I didn't figure you could. I couldn't. I doubt most good people would be able to.

Good people don't kill kids.


In the hypothetical video...the good officer got shot and a child turned the same gun at you. You will just take a bullet and possibly get killed rather than shoot the being pointing a gun at you? That is not good....that is simply stupidity and worthy of a Darwin award.



posted on Nov, 18 2017 @ 05:00 PM
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originally posted by: Noncents

originally posted by: Shamrock6
a reply to: Noncents

16.

Thank you for clearing that up. I see that fits what I was thinking about him to start off with. I can see older teens doing something like that and wouldn't have as much of a problem if there was one in that scenario.

Now, does this happen often with 10-12 year olds? I don't think so.
they passed a law where parents are responsible for there child's actions as long as they live under there roof,because you would be surprised how many 10 year olds were used as assassins, because the judicial system looks at them as a juvenile so they would not be tried as a adult.....



posted on Nov, 18 2017 @ 05:00 PM
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a reply to: CynConcepts

Some have what it takes to do the hard things.

I don't know if I have what it takes.

It's not a Darwin-worthy trait, in my humble opinion.

It's just something some can't do.



posted on Nov, 18 2017 @ 05:00 PM
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a reply to: JBurns

Lots of bennies to being an officer but it's not
for me at all. I'd nut up on a lot of the domestics,
the accidents would become night terrors especially
with kids involved. Not to mention the lengthy spells
of routine, uneventful, boring calls that serve mainly
to set you up for that one hair riasing adrenaline rush.
That's the really messed up part, when it goes from
pencil pushing to suddernly making ultimate decisions
in less than a few seconds. And you're depended on
to make the right call. Not just any call. Nah I know my
limitations and I prefer to leave all that up to the right
kind of people. They deserve a good living for doing it as
well.



posted on Nov, 18 2017 @ 05:02 PM
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a reply to: CynConcepts
Call me stupid if you want. That's awfully decent of you.

Nope, I couldn't kill a kid. I'm honestly sorry to hear that you would.
edit on 18-11-2017 by Noncents because: Correction!



posted on Nov, 18 2017 @ 05:02 PM
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originally posted by: Noncents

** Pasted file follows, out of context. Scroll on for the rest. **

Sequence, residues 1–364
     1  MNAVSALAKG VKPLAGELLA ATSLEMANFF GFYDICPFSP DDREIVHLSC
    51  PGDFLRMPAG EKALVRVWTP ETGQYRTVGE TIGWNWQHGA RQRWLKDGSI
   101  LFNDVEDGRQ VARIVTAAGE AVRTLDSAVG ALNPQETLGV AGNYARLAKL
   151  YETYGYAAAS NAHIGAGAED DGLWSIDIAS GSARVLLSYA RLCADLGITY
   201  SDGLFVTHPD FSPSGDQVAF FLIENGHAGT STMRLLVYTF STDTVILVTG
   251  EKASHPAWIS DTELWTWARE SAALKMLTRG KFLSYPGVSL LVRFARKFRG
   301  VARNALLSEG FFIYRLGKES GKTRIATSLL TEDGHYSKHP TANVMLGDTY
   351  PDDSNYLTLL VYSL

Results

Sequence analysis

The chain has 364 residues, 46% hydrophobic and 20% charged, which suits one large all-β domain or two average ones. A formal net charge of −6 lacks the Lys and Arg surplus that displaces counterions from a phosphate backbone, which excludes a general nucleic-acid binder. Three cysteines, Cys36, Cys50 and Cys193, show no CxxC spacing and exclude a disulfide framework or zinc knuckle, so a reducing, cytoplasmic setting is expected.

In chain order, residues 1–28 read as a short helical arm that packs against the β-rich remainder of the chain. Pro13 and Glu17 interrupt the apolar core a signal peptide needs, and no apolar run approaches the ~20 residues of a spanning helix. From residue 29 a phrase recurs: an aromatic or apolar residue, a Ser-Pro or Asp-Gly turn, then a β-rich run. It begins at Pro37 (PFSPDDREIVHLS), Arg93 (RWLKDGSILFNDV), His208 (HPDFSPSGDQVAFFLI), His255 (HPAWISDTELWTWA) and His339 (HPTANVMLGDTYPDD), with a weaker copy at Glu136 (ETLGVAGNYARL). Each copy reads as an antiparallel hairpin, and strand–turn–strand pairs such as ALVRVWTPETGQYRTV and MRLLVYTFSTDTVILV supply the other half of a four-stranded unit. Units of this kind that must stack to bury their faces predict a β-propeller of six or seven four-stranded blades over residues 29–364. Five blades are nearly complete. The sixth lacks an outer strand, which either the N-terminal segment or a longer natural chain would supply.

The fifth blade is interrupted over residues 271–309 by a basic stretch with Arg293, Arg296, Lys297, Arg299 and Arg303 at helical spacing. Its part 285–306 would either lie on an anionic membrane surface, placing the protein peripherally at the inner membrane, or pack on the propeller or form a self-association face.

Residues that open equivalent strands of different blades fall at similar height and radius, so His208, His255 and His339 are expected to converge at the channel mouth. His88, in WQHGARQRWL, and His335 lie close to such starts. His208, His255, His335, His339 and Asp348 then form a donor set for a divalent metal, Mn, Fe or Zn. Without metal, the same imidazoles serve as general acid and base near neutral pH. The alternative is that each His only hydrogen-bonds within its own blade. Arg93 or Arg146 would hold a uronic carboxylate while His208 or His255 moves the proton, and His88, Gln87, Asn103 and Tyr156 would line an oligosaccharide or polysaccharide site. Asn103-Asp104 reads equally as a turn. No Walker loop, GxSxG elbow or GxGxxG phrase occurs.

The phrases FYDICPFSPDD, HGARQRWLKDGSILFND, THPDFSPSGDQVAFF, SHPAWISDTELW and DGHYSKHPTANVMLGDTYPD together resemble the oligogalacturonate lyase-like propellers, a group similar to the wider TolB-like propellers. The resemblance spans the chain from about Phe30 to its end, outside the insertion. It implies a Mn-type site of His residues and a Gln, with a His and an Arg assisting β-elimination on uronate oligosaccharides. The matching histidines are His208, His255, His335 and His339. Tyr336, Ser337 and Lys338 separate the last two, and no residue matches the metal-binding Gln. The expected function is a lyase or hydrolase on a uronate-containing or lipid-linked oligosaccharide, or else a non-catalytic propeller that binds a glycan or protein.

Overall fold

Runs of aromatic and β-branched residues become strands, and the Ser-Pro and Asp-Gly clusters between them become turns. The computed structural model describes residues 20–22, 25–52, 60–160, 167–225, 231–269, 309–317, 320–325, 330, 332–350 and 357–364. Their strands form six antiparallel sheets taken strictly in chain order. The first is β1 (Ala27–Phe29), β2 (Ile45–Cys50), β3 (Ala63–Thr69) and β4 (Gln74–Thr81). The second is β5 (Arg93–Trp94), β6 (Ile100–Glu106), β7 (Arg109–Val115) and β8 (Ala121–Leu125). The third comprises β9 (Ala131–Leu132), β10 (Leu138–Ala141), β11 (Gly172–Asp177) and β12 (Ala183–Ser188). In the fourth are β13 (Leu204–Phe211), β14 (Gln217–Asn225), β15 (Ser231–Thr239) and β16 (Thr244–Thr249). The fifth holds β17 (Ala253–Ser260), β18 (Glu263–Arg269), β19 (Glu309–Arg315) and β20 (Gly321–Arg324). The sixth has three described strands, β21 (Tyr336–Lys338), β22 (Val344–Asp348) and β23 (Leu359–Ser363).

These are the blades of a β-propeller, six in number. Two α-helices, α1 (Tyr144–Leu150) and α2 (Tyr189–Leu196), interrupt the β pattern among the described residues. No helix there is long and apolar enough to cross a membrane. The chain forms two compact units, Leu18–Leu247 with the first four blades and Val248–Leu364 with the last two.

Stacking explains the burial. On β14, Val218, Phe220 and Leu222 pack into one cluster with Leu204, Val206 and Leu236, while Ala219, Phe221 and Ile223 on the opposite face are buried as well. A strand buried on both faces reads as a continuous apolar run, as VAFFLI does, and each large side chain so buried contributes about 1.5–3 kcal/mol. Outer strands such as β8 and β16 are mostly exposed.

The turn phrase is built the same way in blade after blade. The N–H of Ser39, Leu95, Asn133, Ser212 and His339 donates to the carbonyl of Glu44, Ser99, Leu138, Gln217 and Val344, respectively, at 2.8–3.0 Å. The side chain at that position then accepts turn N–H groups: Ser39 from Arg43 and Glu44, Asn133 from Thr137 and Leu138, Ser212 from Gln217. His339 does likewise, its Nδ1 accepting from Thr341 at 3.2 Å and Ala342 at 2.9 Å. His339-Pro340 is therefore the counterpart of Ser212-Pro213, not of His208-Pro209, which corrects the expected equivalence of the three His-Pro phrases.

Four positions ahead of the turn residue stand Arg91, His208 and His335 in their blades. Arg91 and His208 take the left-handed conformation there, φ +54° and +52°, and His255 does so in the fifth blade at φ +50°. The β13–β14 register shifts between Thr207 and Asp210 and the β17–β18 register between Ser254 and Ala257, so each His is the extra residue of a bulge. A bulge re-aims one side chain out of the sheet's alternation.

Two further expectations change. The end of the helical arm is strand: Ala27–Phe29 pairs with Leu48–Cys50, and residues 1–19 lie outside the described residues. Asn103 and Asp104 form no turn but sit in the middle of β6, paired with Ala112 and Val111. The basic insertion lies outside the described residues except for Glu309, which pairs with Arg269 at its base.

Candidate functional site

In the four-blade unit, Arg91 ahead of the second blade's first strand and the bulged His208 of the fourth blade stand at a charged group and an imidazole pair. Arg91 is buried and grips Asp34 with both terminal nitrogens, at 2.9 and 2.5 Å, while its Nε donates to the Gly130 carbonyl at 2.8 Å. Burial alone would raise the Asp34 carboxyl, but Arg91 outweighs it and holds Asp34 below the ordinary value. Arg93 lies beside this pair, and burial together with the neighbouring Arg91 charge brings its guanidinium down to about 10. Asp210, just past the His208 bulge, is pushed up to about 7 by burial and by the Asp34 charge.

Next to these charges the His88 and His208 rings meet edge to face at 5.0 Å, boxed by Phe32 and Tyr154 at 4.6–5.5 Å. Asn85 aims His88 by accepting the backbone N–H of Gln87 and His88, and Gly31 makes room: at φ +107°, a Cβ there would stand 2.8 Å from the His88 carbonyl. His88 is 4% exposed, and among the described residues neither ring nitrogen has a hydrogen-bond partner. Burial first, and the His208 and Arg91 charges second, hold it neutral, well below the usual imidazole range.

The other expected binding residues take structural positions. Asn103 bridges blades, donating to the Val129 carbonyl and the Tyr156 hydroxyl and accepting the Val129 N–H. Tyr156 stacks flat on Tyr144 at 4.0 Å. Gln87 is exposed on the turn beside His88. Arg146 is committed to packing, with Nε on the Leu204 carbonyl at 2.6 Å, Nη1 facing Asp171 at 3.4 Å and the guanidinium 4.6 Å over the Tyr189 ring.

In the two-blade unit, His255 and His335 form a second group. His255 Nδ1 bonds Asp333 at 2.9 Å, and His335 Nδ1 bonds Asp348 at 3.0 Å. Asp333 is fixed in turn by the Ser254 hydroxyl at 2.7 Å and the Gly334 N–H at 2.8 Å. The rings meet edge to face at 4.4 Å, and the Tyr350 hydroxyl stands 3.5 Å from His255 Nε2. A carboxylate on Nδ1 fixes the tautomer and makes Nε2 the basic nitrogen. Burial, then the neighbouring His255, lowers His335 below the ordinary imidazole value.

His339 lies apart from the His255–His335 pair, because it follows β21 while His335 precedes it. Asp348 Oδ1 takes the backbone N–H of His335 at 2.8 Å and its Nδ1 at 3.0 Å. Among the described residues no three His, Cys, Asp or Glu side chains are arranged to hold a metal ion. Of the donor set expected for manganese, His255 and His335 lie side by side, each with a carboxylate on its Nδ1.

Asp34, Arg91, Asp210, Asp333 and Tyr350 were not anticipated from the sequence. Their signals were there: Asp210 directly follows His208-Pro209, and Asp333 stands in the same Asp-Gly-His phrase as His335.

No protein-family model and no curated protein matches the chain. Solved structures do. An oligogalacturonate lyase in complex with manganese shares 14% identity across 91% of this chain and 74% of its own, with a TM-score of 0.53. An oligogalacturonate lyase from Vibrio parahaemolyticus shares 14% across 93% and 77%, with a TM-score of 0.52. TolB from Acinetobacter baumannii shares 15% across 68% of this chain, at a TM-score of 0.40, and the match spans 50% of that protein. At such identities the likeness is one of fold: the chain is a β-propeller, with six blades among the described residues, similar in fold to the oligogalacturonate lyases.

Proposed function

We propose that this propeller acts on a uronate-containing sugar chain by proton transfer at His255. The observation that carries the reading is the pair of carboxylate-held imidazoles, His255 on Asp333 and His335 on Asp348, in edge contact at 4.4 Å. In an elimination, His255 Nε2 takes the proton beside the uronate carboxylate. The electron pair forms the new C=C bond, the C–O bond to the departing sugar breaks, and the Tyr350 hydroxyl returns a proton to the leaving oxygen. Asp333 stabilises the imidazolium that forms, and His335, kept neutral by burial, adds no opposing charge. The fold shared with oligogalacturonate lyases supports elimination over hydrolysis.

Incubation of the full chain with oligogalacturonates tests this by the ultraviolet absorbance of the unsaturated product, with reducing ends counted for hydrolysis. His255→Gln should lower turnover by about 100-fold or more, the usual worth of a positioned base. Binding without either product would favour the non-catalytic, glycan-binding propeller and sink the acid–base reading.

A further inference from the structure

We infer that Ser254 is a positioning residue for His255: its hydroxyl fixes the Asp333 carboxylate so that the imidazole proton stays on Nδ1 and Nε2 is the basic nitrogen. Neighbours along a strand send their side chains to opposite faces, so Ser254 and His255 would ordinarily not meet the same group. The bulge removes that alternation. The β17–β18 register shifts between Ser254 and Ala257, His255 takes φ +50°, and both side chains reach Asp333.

originally posted by: Shamrock6
For a third time: shootings don't happen "that often" either so why train for it, right?

Shooting do happen often.

2nd line.


You're right, in our entire country that has something like a billion police/public interactions per year, there's a shooting by law enforcement at least a few times a day. Yet the overwhelming majority of officers will never shoot anybody. So, for the fourth time, why bother training for it? The odds are pretty slim that any one officer will ever have to shoot anybody.
edit on 18-11-2017 by Shamrock6 because: (no reason given)


Edit for edit: no need to apologize buddy, I understand where you’re coming from. Just because I don’t agree with you that you shouldn’t train for things that aren’t likely to happen doesn’t mean I don’t understand your point.
edit on 18-11-2017 by Shamrock6 because: (no reason given)



posted on Nov, 18 2017 @ 05:04 PM
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originally posted by: Noncents

originally posted by: Shamrock6
For a third time: shootings don't happen "that often" either so why train for it, right?

Shooting do happen often.

I did address the point being made when I said I wouldn't have as much of a problem with it if there was an older teenager in the scenario. Having a kid there is just messed up to me.

I am sorry that you are having problems understanding where I'm coming from. I'll try to be more clear. I think this scenario does more harm than good because the odds of this happening are so low that most people will never be in that situtaion. Kids and CPR is a bad example, that's actually fairly common. School violence and shootings aren't super uncommon any more either, sadly.